James Musgrove, McMillan LLP, Canada

On Tuesday February 11, 2014, Canada’s Federal Finance Minister, Jim Flaherty, released Canada’s 2014 Annual Federal Budget, “The Road to Balance:  Creating Jobs and Opportunities”.  Budgets, not surprisingly, typically deal largely with fiscal matters, not with antitrust law – nor do they often make changes to framework legislation. Of course famously (for Canadian antitrust lawyers, anyway) in the 2009 Federal Budget the Competition Act received its largest makeover in over 20 years.  The 2014 Budget does not do that, but it does contain a number of measures relevant to competition law, one of which is the subject of this note.

The most significant, and problematic, of the competition law proposals in the 2014 Budget is a suggestion that the Government will seek to advance its consumer agenda by providing Canadians with some sort of international price equivalency protection.  Canadians sometimes resent paying more for the same products than do those living south of the border.  This protection would apparently be effected by amending the Competition Act to in some way reduce or remove pricing differences between the two countries. 

As signalled in the Government’s Fall 2013 Speech from the Throne, the Budget seeks to reduce or eliminate geographic price discrimination – particularly with respect to prices between Canada and the United States.  The Government announced its intention to introduce new legislation addressing what it calls “unjustified cross-border price discrimination”.  It noted that in its 2013 Budget the Government lowered tariffs on certain consumer goods and is monitoring the effectiveness of that initiative.  The 2014 Budget indicated the Government’s intention to approach the matter somewhat more prescriptively:

Economic Action Plan 2014 proposes to address another source of the price gap identified by the Senate Committee:  country pricing strategies – that is, when companies use their market power to charge higher prices in Canada that are not reflective of legitimate higher costs.  Evidence suggests that some companies charge higher prices in Canada than the U.S. for the same goods, beyond what could be justified by higher operating costs.  Higher prices brought on by excessive market power hurt Canadian consumers.

The Government intends to introduce legislation to address price discrimination that is not justified by higher operating costs in Canada, and to empower the Commissioner of Competition to enforce the new framework.  Details will be announced in the coming months.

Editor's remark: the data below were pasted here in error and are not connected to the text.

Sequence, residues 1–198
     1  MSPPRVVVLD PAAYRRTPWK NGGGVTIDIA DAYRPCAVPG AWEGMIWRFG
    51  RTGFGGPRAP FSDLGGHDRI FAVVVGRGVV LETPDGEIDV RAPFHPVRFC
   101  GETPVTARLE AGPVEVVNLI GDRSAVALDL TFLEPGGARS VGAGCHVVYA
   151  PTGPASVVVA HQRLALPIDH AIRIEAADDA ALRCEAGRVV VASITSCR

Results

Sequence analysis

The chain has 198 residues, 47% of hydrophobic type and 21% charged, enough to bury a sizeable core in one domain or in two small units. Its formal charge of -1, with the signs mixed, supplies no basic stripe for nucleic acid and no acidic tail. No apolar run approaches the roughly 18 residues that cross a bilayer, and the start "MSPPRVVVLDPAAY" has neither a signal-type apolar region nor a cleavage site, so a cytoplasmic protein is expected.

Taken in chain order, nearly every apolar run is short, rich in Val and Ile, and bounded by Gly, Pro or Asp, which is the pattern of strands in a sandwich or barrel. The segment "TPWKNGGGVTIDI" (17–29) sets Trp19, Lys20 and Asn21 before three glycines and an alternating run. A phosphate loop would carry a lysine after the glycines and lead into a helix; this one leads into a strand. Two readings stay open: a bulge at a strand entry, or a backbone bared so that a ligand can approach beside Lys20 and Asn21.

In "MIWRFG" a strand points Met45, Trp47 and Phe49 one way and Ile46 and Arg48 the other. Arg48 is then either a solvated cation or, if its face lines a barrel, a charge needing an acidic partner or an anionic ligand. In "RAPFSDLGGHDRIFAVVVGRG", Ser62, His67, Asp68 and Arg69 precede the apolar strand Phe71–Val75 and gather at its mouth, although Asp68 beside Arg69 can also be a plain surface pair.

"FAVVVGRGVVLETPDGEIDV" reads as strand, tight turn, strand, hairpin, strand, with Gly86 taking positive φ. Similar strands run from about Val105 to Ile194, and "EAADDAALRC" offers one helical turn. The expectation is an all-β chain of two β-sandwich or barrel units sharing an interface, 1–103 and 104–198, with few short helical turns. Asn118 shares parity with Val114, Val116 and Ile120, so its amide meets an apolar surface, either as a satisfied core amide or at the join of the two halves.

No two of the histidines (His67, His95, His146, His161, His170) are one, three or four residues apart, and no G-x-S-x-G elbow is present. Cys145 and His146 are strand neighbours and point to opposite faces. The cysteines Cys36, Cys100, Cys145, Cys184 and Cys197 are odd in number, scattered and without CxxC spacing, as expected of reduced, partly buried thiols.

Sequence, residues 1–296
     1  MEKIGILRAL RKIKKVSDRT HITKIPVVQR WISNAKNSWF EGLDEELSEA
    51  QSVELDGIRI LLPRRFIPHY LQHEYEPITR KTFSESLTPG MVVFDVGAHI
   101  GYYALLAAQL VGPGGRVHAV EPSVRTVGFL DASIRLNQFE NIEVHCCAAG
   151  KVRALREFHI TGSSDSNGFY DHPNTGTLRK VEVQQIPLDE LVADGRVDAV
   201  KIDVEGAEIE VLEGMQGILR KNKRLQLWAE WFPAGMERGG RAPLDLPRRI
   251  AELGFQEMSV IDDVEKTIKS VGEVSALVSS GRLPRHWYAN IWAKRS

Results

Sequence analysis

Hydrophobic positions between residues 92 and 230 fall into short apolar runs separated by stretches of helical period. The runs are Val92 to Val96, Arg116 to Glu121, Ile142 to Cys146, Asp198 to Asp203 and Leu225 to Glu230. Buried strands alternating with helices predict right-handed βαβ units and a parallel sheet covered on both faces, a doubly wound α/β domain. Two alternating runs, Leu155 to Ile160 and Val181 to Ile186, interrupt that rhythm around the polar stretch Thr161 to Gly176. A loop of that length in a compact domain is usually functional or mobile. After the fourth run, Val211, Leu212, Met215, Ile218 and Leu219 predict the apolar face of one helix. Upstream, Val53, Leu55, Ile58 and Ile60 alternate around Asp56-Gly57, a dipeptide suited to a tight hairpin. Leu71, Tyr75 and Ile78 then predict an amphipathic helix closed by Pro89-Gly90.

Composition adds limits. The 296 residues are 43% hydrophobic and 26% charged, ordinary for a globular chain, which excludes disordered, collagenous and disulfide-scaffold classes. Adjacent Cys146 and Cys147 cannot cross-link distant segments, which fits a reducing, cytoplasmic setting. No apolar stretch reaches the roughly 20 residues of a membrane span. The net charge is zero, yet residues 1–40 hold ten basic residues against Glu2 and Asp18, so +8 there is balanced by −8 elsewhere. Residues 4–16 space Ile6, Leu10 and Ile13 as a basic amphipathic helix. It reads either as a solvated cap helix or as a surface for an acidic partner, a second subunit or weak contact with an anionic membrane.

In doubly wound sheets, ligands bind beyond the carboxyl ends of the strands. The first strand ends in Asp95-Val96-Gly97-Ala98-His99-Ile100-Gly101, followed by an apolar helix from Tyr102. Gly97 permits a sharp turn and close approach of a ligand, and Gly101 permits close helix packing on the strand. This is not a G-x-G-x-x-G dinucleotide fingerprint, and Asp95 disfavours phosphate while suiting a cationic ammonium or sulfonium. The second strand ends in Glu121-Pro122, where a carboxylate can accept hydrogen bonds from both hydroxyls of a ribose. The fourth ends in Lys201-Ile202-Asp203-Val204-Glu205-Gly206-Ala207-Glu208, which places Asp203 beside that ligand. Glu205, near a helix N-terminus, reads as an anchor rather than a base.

This is an interesting development, as provisions which had made some forms of differential pricing between regions of Canada a criminal offence had been removed by the 2009 Budget amendments to the Competition Act.  The above quote raises questions of how such rules will work, whether only those companies who have market power will be subject to this new framework, and more fundamentally, whether amendments to the Competition Act are contemplated which would make use, rather than abuse of market power subject to challenge under the Act.  Whether the new proposals, when drafted, will have very much to do with competition law, how the Competition Bureau will administer them, or how effective they will be, all remain to be seen.  Details of this new framework are expected to be provided in the coming months. 

Insofar as the 2014 Budget suggests that so called exploitative abuse – that is, dominant firms charging higher prices if the market will bear higher prices – may be challenged under theCompetition Act, that would suggest a very significant change to the approach to competition law issues in Canada, and would be significantly out of step with U.S. law in this area.  Instead of rules designed to promote a competitive system, with the benefits to flow to the winners in the system, it may suggest a more regulatory mindset.  Beyond these specifics, the broader concern is that competition law may be being asked to do more than it should.  There is always a risk in extending antitrust doctrines beyond their natural province, such that they may lose coherence.  It is to be hoped that that will not be the case here.

The 2014 Budget’s proposed changes to competition law do not come close to the order of magnitude of those enacted by the 2009 Budget.  However, they may have some real impact on competition law in Canada.  The provisions with respect to geographic price discrimination do not appear, on their face, to be matters most appropriately addressed by antitrust law, which has generally left above cost pricing to the marketplace.  As one economic expert, Sir Michael Philip Jagger, late of the London School of Economics, has been known to explain in relation to the allegedly high price of his concert tickets, “same as fish – market price”.  The Canadian government’s economic experts in relation to this matter may not be as learned, or sensible, as Sir Mick.

James Musgrove can be contacted at james.musgrove@mcmillan.ca.